Finally, it should be pointed out that the findings presented here do not capture the unique ways in which participants might have represented sound gesturally, not only because the applied motion capture system is insensitive to fine-grained hand movements but also because participants might have used—consciously or subconsciously—other parts of their bodies to represent the sound. While the focus here was on averaged responses of hand movements to get insight into a largely under-researched field, the role of fine-grained movements of hands, fingers and other body parts provides a fruitful path to explore in future studies.
Conclusion and Implications
In the present study we investigated gestural representations of pitch, loudness and tempo, providing a solid empirical basis for future studies concerned with bodily cross-modal mappings. We were able to show that musical training plays an important role in shaping bodily cross-modal mappings, e.g., giving rise to more consistent mappings and annulling the commonly observed bias for convex shapes. Loudness vs. distance associations appear to be less relevant if the opportunity is provided to link loudness to energy levels, which can be seen as the fundamental physical factor influencing amplitude (i.e., deflection of air molecules). Moreover, concurrently varied musical parameters have a significant effect on the ways in which people represent sound gesturally: interactions between pitch and loudness affect how participants adjust the speed of their hand movement. Recent theoretical refinements of action-perception couplings in music perception provide an adequate framework in which such interaction effects may be investigated further (Maes et al., 2014). While it remains to be seen what the underlying mechanisms (e.g., perceptual, semantic) of these bodily cross-modal mappings are, the findings provided here may provide further support for the existence of recently developed concepts within embodied music cognition such as Godøy's (2006) “gestural-sonorous objects,” emphasizing the interconnection of motion and sound features in the mind of the listener. Facilitated by advances in multimedia technology (Tan et al., 2013) and the development of new musical instruments, the increasingly complex role of movement in creating and manipulating sounds and music challenges findings of cross-modal correspondences that have been obtained with traditional paradigms. Future studies need to address whether findings from bodily cross-modal mappings can be integrated wholly into current theoretical frameworks or whether “embodied cross-modal correspondences” might form a separate category worth studying in its own right. Besides theoretical implications, the outcome of the present study, as well as its low-cost motion capture devices, may be used in clinical settings where sounds and music are used to co-ordinate movement. For instance, music-based movement therapy has been found to be effective in treating Parkinson's disease (Rochester et al., 2010; De Dreu et al., 2012), and therapeutic approaches to stroke may benefit from musical activities, as shown in a study using the Wii™ Remote Controller to develop new forms of interventions (Van Wijck et al., 2012).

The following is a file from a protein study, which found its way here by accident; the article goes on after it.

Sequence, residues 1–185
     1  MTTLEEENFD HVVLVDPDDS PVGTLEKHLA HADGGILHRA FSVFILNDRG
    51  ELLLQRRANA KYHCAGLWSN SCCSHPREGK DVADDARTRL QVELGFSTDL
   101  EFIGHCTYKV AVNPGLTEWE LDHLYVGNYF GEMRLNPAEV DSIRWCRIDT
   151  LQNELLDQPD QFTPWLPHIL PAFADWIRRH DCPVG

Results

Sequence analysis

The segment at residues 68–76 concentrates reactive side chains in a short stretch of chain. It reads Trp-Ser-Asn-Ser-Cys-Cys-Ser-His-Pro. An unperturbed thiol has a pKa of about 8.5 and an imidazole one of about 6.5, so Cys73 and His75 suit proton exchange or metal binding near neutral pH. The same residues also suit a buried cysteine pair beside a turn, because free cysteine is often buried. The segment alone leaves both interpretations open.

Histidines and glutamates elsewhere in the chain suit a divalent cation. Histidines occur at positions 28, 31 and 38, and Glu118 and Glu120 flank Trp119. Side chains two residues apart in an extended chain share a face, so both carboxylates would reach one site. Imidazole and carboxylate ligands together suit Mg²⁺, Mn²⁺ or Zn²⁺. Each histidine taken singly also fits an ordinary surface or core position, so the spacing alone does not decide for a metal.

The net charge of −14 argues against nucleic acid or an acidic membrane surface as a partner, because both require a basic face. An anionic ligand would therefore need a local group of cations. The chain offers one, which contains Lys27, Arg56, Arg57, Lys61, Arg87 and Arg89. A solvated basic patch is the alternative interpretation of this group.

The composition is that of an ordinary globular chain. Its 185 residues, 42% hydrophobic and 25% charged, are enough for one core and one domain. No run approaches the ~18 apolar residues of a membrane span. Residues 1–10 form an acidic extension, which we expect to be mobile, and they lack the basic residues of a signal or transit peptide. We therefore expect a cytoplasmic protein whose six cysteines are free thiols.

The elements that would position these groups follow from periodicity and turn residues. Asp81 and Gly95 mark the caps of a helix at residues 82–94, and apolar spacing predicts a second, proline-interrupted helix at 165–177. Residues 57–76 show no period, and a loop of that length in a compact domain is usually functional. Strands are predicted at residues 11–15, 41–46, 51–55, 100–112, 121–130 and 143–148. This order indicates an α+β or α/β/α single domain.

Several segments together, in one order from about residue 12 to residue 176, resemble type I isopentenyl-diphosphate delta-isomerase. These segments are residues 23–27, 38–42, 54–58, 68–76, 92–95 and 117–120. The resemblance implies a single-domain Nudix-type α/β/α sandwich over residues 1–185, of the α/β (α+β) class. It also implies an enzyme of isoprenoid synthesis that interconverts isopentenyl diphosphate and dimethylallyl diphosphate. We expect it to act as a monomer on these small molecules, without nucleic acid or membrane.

Conflict of Interest Statement
The authors declare that the research was conducted in the absence of any commercial or financial relationships that could be construed as a potential conflict of interest.
This work was supported by King's College London and by the AHRC Research Center for Musical Performance as Creative Practice (grant number RC/AH/D502527/1).
The Supplementary Material for this article can be found online at: http://www.frontiersin.org/journal/10.3389/fpsyg.2014.00789/abstract
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Keywords: cross-modal mappings, gesture, embodied music cognition, musical training, real-time mappings
Citation: Küssner MB, Tidhar D, Prior HM and Leech-Wilkinson D (2014) Musicians are more consistent: Gestural cross-modal mappings of pitch, loudness and tempo in real-time. Front. Psychol. 5:789. doi: 10.3389/fpsyg.2014.00789
Received: 02 May 2014; Accepted: 04 July 2014;
Published online: 28 July 2014.
Edited by:Eckart Altenmüller, University of Music and Drama Hannover, Germany
Reviewed by:Peter Cariani, Harvard Medical School, USA
Alfred Oliver Effenberg, Leibniz University Hannover, Germany
Copyright © 2014 Küssner, Tidhar, Prior and Leech-Wilkinson. This is an open-access article distributed under the terms of the Creative Commons Attribution License (CC BY). The use, distribution or reproduction in other forums is permitted, provided the original author(s) or licensor are credited and that the original publication in this journal is cited, in accordance with accepted academic practice. No use, distribution or reproduction is permitted which does not comply with these terms.
*Correspondence: Mats B. Küssner, Department of Music, King's College London, Strand, London WC2R 2LS, UK e-mail: firstname.lastname@example.org